Judges for the parade will be Jim Cameron, Caroline Nurkin and Jake Wilson. The event will be followed by the Celebration in the Park and the Festival of Trees, which will feature a tree-lighting ceremony in honor of Christmas.

“The Festival of Trees is various trees that have been put up by businesses and individuals and clubs in Petal,” Wilson said. “They will all be lit at the same time right after the parade. The Petal Arts Council is in charge of the Festival of Trees. “Also during that time, we’ll have live music; the Petal Jazz Band will be playing. Much love will flow through the community.”
Petal’s Christmas festivities date back to at least 1962, when the Petal Merchant’s Association put on the city’s Christmas parade. In 1974 – the year the City of Petal was incorporated – city officials took over handling the parade.

“This has been an event that even the older people in our community – the seniors – remember,” Wilson said. “We want to re-create those same memories for the children in our area now.”
In addition to the chamber activities, Petal High School Indoor Percussion is presenting Breakfast with Santa from 8:30-10:30 a.m. at the Petal Primary School cafeteria. Tickets are $7 each and are available for purchase at the door, or from any Indoor Percussion student. Participants are encouraged to bring their own cameras for pictures with Santa Claus.
Also, the Cosmopolitan Club of Petal will host “Let’s Jingle & Flamingle” tasting take-out from 11 a.m.-12:30 p.m. Dec. 4 in front of Petal Middle School on East Central Avenue.

Story by Haskell Burns

I Can See Clearly Now!

After being stationed in Meridian while serving in the United States Navy for seven years, Dr. Alvaro Moreno moved to Petal to work at Southern Eye Center in Hattiesburg. Moreno stayed at that clinic for seven years before opening his own establishment, Moreno Eye Care, in 2003 at 598 East Central Avenue in Petal.

The business offers comprehensive eye care services and in-demand lenses and frames. The eye doctors perform comprehensive vision examinations and specialize in the diagnosis and treatment of a wide array of eye diseases, conditions and problems.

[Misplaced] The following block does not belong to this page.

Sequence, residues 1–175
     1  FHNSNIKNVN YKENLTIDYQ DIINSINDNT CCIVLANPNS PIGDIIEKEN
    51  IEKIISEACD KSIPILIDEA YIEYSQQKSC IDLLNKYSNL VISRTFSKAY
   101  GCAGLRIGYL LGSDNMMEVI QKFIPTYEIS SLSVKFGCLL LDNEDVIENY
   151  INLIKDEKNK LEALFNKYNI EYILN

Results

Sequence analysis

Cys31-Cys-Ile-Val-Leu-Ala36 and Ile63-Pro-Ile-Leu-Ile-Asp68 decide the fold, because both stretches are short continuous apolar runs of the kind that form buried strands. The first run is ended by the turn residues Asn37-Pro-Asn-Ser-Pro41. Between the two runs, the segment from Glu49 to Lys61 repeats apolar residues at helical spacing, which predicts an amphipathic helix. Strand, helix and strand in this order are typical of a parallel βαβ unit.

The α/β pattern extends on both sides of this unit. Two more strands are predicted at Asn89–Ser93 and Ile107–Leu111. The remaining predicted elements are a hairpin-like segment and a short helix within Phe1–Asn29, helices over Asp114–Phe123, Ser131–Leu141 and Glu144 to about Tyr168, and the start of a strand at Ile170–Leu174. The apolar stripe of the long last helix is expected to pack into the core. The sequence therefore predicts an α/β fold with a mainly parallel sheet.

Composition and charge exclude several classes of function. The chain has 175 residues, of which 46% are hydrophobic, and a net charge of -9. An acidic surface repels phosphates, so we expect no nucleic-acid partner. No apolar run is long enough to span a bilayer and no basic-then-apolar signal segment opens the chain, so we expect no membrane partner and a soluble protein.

Moreno recently took the time for a phone Q&A to talk about his practice and how he has fared in The Friendly City.

Petal Chamber: What made you want to establish your business in Petal?

Moreno: I live there, and my home was there in Petal. I wanted to be more of a part of the community, instead of driving to Hattiesburg to work every day.

Q: How has being in Petal worked out so far?

A: It’s been great; people have been very supportive, and not just Petal people, but people from the surrounding communities. They’ve supported our practice and our growth, and I’m to the point now where my son is in practice with me. He joined the practice last year, so he’s in his second year of being in practice there at the office.

Q: You’ve been a member of the Petal Area Chamber of Commerce since you established the business. How has that benefited you, and what advice on joining the chamber would you give to new businesses or anyone considering joining?

A: I think (it’s great) just being part of an organization that’s banding together for the good of the community – and not just the community itself, but for the businesses in the community, to help and support each other. That helps everybody be able to make it through any kind of crisis.

Q: You mentioned that business has been great since coming to Petal. What do you attribute that to?

A: I think, for one, since there wasn’t an optometrist or an eye clinic in Petal, there was some pent-up demand. People didn’t have an option; they had to get in their car and drive to Hattiesburg. As Hattiesburg grew and traffic became more of an issue and people got older, they were looking for somebody to be able to do it in Petal. So I think that helped my growth, just being accessible and being close so people wouldn’t have to go to Hattiesburg to get their eyes taken care of.

Q: What do you see in the future for business in general, and for your business?

A: For business in general in Petal, I’ve always said that we need more business in Petal; we need larger businesses in Petal. The main thing I’ve said since the day I opened up my practice in Petal is that our most valuable resource (clients and customers) is cranking up and driving across the river every day. If you go look at some of the businesses in Hattiesburg, some of their best employees – if you really dig down and look – they’re from Petal, or went to Petal High School. They’re Petal people, and they’re in Hattiesburg. My wish is to one day have it to where everybody who didn’t want to drive to Hattiesburg could find a job and make a living wage in Petal. I’m sure that most of them, if they had a choice, would probably stay in Petal.





A Downtown Favorite

In 2007, when Craig Bullock – who also serves as Ward 6 Alderman for the City of Petal – began managing A1 Graphics at 233 North Main Street in Petal, he had no idea that’s what he would make a career out of.  But in 2012, Bullock purchased and became owner of the business, which designs and screenprints T-shirts, and offers embroidery and heat-press on jerseys. Customers can find an array of Petal athletics shirts, as well as school uniforms, at the shop.

A1 Graphics can be reached by phone at (601) 545-7499, or online at

Bullock recently took the time for a phone Q&A to talk a little more about his shop and what it means to be a business owner in Petal.

Petal Chamber: Why set up shop in Petal?